All as the Spec Intended

So it turns out, I learned most of this by reading the HTML Living Standard, a specification provided by WHATWG.

The specification is essentially the HTML guidebook, which effectively means it's also the web developer guidebook. Despite that, I hadn't actually taken time to read it until recently in my career. Besides the notion that the word "specification" is scary, the document is also understandably technical and dense.

Or so I thought. In fact, the spec is written to be very readable and thorough! It details the semantic intent of HTML tags and attributes with scenarios and examples, in similar fashion to how I'd expect an article summarizing the spec to be written.


The principle of "alt text is a replacement, not a description" is almost a direct quote from the spec:

The intent is that replacing every image with the text of its alt attribute does not change the meaning of the page.

And in fact, the "secret technique" of using a phone call as a thought experiment is not so secret after all. This, too, came directly from the spec!

One way to think of alternative text is to think about how you would read the page containing the image to someone over the phone, without mentioning that there is an image present.

So this idea of treating alt text as a replacement is not a new way of thinking about it. It's the perspective the HTML standard wanted us to have all along.

Admittedly, the spec is a bit advanced for beginners! My intent is to dispel the myth that the spec is reserved for experts. In WHATWG's own words, having a passing familiarity with web technologies can be enough.

Where to go from here?

Alt text is a replacement, not a description.

Although I covered what that means at a high level, there are more detailed questions we could ask about how it applies:

  • What if the image is a button?
  • What if I talk about the image in the content already?
  • What if the image is of text?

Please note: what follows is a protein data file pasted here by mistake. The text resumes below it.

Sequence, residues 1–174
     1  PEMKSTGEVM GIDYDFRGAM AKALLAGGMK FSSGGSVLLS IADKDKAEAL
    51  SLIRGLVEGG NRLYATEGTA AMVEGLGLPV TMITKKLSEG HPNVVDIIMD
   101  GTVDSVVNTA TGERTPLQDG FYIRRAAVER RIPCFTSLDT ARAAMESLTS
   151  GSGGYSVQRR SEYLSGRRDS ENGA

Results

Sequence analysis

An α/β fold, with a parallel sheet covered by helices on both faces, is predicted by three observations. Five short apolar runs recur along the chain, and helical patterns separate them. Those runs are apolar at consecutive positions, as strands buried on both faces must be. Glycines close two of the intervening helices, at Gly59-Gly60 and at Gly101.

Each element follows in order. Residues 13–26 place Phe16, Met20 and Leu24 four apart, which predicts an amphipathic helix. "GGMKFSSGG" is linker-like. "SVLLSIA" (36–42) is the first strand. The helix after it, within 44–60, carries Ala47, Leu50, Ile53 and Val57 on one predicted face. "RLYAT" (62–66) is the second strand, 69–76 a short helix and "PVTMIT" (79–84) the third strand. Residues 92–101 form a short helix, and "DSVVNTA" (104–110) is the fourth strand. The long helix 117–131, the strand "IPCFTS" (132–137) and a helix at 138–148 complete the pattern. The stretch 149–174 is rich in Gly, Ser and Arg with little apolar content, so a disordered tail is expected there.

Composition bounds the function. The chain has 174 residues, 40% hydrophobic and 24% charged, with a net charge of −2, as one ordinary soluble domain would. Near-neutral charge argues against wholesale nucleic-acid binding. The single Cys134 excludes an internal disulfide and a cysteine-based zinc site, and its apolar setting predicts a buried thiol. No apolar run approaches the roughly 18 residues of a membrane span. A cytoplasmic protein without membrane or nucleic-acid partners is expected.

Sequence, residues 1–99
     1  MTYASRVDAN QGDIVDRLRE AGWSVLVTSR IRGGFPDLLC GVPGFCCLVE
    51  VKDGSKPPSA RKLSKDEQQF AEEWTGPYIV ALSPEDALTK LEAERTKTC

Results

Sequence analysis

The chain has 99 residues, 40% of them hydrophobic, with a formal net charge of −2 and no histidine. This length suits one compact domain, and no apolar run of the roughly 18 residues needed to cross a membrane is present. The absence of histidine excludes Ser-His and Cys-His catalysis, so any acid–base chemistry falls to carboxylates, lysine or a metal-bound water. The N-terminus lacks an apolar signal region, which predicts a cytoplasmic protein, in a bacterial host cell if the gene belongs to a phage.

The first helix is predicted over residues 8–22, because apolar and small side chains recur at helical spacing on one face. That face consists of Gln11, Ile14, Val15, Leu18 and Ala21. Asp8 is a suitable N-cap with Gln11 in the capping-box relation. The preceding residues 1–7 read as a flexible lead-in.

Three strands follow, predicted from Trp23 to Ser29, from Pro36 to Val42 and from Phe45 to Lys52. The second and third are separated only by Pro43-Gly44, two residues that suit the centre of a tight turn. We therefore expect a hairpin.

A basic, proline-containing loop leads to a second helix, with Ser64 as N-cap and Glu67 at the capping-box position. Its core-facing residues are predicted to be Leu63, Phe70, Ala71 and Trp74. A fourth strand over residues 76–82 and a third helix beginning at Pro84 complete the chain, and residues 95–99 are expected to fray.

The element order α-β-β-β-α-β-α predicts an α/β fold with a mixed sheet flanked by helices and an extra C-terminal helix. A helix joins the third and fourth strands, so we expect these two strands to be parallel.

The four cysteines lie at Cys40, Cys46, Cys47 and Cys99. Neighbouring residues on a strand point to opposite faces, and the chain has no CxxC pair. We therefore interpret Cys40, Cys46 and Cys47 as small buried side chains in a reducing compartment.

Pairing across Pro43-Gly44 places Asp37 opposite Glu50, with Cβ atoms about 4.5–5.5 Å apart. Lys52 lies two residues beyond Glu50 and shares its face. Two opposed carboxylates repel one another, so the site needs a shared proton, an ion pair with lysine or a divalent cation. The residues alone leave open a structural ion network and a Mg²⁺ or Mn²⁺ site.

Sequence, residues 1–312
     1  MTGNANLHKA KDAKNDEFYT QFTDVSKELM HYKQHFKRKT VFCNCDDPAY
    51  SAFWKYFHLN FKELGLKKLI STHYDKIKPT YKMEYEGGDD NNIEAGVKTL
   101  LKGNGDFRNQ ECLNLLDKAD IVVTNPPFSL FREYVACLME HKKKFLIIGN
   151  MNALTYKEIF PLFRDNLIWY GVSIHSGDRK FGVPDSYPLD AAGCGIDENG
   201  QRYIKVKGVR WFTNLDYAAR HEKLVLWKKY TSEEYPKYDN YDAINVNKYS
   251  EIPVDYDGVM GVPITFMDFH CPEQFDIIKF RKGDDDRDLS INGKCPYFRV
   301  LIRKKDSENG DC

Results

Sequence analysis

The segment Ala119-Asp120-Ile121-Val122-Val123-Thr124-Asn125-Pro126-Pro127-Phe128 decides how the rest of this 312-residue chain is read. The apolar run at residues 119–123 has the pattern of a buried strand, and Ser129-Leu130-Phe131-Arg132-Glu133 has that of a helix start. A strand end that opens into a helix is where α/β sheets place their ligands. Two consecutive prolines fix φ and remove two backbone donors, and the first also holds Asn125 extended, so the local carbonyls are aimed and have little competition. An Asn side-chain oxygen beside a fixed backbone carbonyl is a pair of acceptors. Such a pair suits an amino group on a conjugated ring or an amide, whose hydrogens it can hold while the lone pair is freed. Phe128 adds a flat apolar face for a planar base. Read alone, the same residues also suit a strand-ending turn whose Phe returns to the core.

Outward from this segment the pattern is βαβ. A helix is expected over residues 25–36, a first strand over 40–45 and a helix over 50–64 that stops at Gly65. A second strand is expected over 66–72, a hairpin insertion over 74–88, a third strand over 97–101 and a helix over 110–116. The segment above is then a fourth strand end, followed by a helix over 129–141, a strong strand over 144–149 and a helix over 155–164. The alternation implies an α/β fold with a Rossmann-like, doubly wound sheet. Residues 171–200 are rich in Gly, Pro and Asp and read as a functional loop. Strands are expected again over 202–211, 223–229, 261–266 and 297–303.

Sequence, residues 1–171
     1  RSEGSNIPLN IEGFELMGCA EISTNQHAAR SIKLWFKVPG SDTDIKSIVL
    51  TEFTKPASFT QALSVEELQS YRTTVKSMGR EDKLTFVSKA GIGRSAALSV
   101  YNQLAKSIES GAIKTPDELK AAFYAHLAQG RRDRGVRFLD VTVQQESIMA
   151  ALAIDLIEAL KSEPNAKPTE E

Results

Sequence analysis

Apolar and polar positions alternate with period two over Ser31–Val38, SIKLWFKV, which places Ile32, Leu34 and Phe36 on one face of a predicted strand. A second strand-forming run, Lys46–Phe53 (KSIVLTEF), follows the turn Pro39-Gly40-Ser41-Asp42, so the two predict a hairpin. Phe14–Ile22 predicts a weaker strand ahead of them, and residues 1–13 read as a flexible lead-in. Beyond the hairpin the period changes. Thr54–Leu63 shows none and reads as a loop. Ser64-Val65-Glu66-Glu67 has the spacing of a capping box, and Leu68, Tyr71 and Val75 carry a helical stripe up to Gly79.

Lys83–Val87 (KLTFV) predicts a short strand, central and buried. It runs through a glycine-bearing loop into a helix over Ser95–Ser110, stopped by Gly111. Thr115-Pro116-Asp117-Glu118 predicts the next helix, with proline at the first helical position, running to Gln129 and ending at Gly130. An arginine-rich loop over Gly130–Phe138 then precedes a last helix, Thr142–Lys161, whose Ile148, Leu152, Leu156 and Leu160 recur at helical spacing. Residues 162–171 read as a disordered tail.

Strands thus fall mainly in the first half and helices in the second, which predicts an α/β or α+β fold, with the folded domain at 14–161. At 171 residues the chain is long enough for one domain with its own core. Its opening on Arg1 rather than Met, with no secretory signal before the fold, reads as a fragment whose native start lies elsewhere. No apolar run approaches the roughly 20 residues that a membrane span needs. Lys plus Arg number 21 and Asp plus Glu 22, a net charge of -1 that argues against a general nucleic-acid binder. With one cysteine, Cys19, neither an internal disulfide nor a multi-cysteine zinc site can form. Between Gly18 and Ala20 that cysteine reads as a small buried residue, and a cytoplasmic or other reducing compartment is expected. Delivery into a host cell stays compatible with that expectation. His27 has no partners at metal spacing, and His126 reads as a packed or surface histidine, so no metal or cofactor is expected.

• What if the image is too detailed to explain concisely?

This and more is covered directly by the HTML specification! It devotes no less than 15 subsections to image alt text, and while that may be intimidating, it also goes to show how important writing the right text is.

My recommendation for learning more is to read the HTML Spec on Image Alt Text. For supplementary material, MDN's article on alt is pretty good as well.

Addendum: On Length

I had received feedback that my original alt text examples were a bit lengthy. Indeed, it is important that the text be very concise! A picture may be worth 1000 words, but don't actually use 1000 words to describe your picture.

Tools exist for when a lengthier description is needed, such as the figure HTML element and aria-labelledby property. Notably, both of these expose the description to everyone, hinting that if your description is long enough to merit these tools, then it's probably important context for all readers, sighted and non-sighted.

Here's a before-and-after of my example alt text to illustrate brevity without losing meaning:

Before:

Purple and pink clouds swirl about the planet, twisting into a knot of three deep red storms. An icy blue ring encircles the planet reflecting light from a bright star in the distance.

After:

Purple clouds swirl about a planet, twisting into three red storms. Its icy ring reflects light from a star in the distance.

WebAIM's article on alternative text goes into multiple examples on writing concise descriptions. Well worth a read!